God Is Helping You, But Who Will You Help?

Sun, Apr 10, 2022
Teacher: Tom Blackford
Duration:25 mins 3 secs

Message text

God Is Helping You, But Who Will You Help?
Acts 24:22-25:12

INTRO: Good morning, Church. In Acts 24 last week, we saw the apostle Paul being charged with four counts of breaking Jewish Law and his accusers hired a very clever lawyer to bring a case against him.

Even though they wouldn’t admit it, Paul knew exactly what the real charge was.
He invited those Sadducean accusers who were present to step forward and show the error in his one statement before the Sanhedrin, "concerning the resurrection of the dead."

With the courtroom procedures under way, Luke continues and tells us in Acts 24:22-23 – “But when Felix heard these things, having more accurate knowledge of the Way, he adjourned the proceedings and said, "When Lysias [ly-se-us] the commander comes down, I will make a decision on your case.'' So he commanded the centurion to keep Paul and to let him have liberty, and told him not to forbid any of his friends to provide for or visit him.” [NKJV]

An astronomer, on his way to give a lecture, discovered that his seatmate on the airplane was a preacher. Early in the conversation he assured the preacher that he knew everything about religion he needed to know. The preacher expressed delight and asked where the scientist had studied religion and how much he had read in the Bible. "Oh, no," the astronomer replied, "I've never studied theology, and I don't read the Bible, but I know the Golden Rule, and I figure that's enough religion for me."

"Well, on that basis," declared the preacher, "I guess I know all about astronomy." The scientist laughed and asked the preacher what he knew about the cosmos, to which the minister replied gravely, "Twinkle, twinkle little star; how I wonder what you are."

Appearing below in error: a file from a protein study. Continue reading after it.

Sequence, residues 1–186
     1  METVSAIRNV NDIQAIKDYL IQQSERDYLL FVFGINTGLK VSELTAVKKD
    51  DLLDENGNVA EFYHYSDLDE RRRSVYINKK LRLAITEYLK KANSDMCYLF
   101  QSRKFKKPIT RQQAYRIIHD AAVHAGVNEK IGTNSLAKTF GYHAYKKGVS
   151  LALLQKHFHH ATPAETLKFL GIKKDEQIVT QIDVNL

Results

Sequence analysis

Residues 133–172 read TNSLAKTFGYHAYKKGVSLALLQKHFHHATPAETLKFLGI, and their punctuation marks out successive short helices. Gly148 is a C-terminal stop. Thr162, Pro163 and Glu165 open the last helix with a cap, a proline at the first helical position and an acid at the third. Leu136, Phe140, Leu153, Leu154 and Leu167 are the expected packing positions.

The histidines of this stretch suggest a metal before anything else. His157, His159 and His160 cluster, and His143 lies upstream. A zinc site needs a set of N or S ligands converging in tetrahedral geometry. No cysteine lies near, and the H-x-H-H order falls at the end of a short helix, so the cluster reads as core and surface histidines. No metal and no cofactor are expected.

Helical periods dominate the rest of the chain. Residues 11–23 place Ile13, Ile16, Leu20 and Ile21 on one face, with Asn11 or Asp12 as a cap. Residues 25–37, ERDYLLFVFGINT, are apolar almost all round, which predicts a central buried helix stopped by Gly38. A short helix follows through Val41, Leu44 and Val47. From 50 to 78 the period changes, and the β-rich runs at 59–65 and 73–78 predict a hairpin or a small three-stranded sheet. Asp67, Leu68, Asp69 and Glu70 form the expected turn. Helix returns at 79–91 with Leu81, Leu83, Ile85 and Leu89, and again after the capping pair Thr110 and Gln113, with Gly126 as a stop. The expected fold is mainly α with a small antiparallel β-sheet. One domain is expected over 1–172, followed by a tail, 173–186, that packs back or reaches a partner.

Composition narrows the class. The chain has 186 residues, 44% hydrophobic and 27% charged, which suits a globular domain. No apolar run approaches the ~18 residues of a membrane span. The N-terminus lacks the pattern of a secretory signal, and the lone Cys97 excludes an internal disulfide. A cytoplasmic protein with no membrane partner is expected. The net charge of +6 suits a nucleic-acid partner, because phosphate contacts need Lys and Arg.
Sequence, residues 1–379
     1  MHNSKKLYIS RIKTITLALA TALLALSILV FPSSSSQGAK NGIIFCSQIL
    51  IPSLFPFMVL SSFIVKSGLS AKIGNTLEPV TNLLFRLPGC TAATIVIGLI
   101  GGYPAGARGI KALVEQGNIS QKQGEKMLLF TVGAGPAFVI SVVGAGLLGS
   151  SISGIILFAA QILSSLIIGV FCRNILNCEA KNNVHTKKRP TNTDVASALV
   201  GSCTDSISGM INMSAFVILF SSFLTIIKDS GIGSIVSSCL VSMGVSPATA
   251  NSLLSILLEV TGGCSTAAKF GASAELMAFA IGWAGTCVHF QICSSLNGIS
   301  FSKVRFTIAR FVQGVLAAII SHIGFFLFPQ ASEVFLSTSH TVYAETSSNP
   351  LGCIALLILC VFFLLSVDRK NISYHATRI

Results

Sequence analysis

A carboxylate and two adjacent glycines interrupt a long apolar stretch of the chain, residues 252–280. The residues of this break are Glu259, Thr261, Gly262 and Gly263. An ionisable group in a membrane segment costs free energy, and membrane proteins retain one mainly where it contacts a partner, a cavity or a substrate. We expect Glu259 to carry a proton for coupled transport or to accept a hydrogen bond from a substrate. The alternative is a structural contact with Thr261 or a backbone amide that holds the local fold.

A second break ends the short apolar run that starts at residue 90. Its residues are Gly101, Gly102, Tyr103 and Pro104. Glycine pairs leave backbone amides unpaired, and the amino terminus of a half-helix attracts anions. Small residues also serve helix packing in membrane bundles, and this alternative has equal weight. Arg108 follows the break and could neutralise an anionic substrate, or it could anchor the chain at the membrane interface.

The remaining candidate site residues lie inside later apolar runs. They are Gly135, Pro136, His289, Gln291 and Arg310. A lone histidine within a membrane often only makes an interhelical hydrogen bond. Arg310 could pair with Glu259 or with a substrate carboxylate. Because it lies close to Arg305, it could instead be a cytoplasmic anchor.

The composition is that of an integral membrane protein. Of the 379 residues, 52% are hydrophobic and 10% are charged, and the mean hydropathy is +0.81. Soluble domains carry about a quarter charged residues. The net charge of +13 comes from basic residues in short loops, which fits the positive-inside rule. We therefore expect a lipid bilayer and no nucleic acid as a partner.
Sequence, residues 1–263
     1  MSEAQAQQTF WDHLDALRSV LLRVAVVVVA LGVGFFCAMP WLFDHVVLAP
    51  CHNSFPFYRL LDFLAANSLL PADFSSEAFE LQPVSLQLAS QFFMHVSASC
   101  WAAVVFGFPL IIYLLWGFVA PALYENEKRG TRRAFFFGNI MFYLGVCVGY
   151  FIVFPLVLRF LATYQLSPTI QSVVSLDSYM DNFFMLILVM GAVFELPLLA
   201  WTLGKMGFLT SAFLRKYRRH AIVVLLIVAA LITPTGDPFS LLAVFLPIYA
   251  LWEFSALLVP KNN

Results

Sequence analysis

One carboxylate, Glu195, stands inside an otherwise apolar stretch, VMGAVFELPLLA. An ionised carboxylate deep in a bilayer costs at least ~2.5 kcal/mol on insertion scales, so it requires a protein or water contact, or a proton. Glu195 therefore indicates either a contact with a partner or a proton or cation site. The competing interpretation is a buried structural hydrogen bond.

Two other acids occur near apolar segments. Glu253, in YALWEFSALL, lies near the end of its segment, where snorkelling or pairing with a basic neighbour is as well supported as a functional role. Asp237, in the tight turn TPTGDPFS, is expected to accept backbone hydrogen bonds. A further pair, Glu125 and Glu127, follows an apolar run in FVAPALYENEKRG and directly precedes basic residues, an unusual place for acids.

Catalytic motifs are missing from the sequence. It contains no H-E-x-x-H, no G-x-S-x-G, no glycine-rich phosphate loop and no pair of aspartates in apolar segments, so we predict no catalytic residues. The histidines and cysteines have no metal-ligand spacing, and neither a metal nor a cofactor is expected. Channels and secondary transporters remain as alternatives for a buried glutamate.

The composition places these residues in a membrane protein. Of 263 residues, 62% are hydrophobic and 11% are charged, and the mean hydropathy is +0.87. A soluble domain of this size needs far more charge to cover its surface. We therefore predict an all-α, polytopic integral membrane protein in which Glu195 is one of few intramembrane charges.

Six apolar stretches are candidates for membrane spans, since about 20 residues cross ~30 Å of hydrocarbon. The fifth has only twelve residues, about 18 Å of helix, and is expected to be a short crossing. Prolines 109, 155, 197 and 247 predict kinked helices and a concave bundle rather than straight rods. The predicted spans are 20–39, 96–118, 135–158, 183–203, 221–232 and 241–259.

I. You have heard it said that a little knowledge can be a dangerous thing, but in this case, we could safely say that a little knowledge can win the day.

A. Luke tells Theophilus that Felix had a good knowledge of the Way but I wondered, just how did he get that knowledge?

1. We are not told directly here, but scholars point out that Caesarea was the place where a prominent centurion, Cornelius, had been converted. It was also where Philip the evangelist and his four daughters lived, and where there were probably many Christians.
2. Felix may have known many of these, hence it is not unreasonable at all that he should have had a great deal of information about the Way.

B. Felix delayed judgment until Lysias would come to give his testimony. Certainly for any judge it is a good thing to have all the testimonies heard before making a decision.

1. We are told that Felix directed the centurion in charge of Paul to grant him basic freedom to be with his friends and have someone attend to his needs. This indicates the favorable impression made by Paul on Felix as seen in the unusually lenient treatment accorded the prisoner.
2. We may think that this was good of Felix to allow all the testimonies to be heard first before making any judgment, but as we are about to find out, there is a strong possibility that he was merely delaying the situation in the hope of receiving a bribe from the Christians.